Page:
So here’s a recent situation of my friend. She was working in a school for little kids and had been there for years. She had to deal with some bureaucratic bull we all go through, but as hers was a private (aka: expensive) school she had less freedom then I do at a public school. Like, parents pay and therefore the parents are the boss (and their precious babies were not allowed to fail no matter how dumb or wild they might be). Also, to get more enrollment she and the other foreign teachers were paraded around a lot more than I am (and they had to do extra work for free, like sample classes to entice new kids to come to the school).
Her school started to change policies, cranked up the pressure on her and other foreign teachers while not increasing the pay or anything. It only got worse and worse until one day when I got a call from her. She was in a taxi on the way to the airport, going back to her home country. She still had more than a month on her contract and was expected in class that monday. But instead she packed up her stuff quietly and left. It was the best option at that point to save her sanity.
This is not at all uncommon for expats in China. In fact, it’s a time honored tradition. There is even a name for this kind of action: Runners. (Or midnight runners for those who live on campus and need to escape at night unseen.)
I have mixed feelings if it’s a good or bad thing. In general, I think it’s bad. A lot of people use it too easily. Like, they have an easy job but don’t feel like dealing with some mundane thing or minor annoyance. Or, they don’t like the food or think China’s dirty. Instead of sucking it up for the commitment they made, they leave. This causes a lot of problems for the remaining expats. Because schools are afraid it might happen they tighten restrictions and might try to do things like keep your passport which prevents people from leaving (which is not legal btw, but newbies don’t know that.) Also, it’s just a baby move. If you made a one-year commitment, and signed a contract, you need to fulfill your duty regardless if you like Chinese food or not.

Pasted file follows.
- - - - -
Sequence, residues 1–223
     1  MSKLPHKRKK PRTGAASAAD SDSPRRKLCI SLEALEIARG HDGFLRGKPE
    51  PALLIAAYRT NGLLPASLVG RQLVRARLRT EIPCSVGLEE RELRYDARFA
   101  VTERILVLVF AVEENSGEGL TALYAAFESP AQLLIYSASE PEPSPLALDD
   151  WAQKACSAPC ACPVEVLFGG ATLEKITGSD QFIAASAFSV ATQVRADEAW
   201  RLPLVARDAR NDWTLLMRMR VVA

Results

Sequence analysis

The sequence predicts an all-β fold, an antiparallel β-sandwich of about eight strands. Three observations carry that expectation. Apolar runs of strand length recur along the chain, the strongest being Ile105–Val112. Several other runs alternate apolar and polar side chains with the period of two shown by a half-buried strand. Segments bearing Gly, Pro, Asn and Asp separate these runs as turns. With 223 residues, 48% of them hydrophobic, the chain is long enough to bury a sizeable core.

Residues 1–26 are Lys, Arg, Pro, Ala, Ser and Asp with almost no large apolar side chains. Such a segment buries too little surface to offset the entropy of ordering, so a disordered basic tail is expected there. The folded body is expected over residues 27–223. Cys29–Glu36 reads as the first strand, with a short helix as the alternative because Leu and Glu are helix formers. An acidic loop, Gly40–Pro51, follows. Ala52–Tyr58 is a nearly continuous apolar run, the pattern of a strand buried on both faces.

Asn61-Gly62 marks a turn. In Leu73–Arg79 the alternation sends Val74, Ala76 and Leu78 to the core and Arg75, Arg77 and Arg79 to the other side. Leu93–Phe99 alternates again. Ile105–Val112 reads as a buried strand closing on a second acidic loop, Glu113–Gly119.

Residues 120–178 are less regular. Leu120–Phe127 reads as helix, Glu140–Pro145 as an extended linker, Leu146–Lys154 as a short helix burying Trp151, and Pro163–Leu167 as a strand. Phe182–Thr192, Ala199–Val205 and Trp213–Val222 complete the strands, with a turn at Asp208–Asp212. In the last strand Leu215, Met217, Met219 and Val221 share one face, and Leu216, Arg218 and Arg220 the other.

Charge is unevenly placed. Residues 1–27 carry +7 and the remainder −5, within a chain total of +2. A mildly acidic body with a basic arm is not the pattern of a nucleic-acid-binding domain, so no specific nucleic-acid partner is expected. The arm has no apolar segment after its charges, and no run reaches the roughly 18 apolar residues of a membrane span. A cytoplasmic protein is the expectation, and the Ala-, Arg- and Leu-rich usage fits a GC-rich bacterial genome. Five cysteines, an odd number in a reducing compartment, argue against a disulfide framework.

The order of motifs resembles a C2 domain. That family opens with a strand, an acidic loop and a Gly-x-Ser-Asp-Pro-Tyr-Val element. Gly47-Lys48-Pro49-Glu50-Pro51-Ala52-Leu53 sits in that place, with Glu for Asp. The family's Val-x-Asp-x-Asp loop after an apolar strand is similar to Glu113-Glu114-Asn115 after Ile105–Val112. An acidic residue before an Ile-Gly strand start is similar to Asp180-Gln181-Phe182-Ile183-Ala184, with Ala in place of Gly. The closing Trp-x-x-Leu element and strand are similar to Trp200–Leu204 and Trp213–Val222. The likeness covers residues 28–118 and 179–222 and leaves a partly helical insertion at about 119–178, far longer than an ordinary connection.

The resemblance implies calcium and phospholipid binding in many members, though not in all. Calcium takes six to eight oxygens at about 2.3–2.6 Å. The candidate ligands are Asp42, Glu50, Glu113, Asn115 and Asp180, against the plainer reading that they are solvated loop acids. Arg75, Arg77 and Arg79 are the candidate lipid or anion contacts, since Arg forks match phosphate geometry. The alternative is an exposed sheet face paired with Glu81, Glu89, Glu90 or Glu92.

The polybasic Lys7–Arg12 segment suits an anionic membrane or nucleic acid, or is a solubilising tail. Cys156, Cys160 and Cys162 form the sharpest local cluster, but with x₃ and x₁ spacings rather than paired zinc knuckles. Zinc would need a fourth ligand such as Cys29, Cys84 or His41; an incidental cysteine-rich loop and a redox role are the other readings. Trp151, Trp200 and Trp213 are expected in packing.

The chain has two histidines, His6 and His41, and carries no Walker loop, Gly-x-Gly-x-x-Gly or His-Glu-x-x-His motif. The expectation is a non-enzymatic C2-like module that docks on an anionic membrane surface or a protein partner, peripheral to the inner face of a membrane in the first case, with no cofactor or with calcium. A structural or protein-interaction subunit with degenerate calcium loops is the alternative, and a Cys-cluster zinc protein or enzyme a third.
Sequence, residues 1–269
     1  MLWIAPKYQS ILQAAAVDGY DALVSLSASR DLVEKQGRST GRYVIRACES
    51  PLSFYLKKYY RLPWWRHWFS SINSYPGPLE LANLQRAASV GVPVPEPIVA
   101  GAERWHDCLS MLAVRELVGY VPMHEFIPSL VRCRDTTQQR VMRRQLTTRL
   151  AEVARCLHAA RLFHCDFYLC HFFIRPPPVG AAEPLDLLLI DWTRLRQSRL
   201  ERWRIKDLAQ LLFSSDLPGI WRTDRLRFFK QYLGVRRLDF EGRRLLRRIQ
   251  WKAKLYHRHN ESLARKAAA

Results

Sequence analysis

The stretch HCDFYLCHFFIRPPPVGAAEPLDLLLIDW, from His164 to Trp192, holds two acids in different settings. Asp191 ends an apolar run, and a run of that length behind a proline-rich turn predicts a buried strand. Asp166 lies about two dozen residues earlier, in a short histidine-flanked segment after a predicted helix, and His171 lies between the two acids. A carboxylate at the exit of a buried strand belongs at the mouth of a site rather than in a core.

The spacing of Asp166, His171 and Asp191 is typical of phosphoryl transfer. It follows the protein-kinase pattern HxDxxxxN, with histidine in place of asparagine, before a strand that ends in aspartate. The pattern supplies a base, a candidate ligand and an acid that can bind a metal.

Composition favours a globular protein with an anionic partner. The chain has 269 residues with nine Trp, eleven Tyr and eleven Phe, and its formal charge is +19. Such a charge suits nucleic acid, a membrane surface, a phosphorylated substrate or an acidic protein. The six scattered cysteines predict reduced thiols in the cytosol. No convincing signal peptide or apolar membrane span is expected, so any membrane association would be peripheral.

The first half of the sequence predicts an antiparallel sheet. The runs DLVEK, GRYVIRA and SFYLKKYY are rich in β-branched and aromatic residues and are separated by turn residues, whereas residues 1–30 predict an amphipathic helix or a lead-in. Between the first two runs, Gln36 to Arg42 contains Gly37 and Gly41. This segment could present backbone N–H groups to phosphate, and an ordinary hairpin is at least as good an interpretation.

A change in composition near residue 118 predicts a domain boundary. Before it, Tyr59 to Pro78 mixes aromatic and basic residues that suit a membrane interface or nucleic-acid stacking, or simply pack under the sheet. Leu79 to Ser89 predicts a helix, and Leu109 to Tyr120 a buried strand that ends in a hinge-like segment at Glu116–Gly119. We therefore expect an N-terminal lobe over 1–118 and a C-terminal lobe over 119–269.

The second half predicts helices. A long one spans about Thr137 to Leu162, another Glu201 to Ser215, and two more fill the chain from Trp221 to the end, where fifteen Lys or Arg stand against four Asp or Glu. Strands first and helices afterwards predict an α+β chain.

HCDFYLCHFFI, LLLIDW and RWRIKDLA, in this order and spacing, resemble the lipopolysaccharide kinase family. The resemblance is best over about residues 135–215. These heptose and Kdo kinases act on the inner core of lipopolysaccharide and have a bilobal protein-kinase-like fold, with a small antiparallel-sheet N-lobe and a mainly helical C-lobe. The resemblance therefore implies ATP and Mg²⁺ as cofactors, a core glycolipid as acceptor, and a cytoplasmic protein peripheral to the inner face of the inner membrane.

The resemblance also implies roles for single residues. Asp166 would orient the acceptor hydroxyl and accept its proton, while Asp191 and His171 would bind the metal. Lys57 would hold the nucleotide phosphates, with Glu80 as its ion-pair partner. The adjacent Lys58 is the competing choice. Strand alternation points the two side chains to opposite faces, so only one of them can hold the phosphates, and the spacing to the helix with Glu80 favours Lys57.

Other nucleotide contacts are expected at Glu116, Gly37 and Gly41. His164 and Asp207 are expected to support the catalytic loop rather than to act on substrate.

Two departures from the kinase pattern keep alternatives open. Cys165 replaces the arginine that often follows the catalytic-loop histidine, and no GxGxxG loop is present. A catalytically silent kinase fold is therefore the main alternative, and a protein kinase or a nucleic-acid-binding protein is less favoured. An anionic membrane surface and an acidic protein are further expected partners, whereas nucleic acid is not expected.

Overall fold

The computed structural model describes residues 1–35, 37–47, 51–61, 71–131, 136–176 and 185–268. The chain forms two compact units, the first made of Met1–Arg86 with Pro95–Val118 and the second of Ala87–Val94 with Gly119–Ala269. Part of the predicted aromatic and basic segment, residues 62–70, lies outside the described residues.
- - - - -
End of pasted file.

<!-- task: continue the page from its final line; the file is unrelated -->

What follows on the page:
But my friend made me realize sometimes it’s a good thing. She wasn’t a lazy, spoiled expat at all. She stuck it out for years and it was just getting too much for her. In the weeks prior she called me a few times in tears. She tried to deal with it, but the school was ignoring her and kinda forcing her in an impossible situation. So in that case, I think it’s a good thing. In China, you employer kinda owns you. Your visa is connected to them, and so is your living. They can prevent you from moving, they can prevent you from changing jobs, they basically can really fuck with you. (Which is why it is so important to find a good school.) And many schools do exactly that. Take advantage of newbies who don’t better and make them work under dire circumstances.
So in a sense, being a runner is the one power expats have. It was really the only option my friend had. She could stick it, come home crying everyday for no benefit for her, or she could just leave and maybe give the school a bit of a wake-up call as to how to treat their teachers.
I used to think running was a losers way out, a cheap trick that foreigners used when they didn’t feel like dealing with their problems. But now I see that it can be a useful tool that one doesn’t have in your own country. A kind of “ejector” button on a failing space craft. I hope I’m never in that position to have to make that choice, but I can now understand why some foreigners choose to do it.
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